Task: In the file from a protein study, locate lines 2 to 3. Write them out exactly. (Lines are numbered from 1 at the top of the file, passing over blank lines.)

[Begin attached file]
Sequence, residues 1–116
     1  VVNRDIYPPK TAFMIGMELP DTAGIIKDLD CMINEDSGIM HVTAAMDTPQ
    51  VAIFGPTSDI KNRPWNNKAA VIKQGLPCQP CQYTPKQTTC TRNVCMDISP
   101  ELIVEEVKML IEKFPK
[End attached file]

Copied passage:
     1  VVNRDIYPPK TAFMIGMELP DTAGIIKDLD CMINEDSGIM HVTAAMDTPQ
    51  VAIFGPTSDI KNRPWNNKAA VIKQGLPCQP CQYTPKQTTC TRNVCMDISP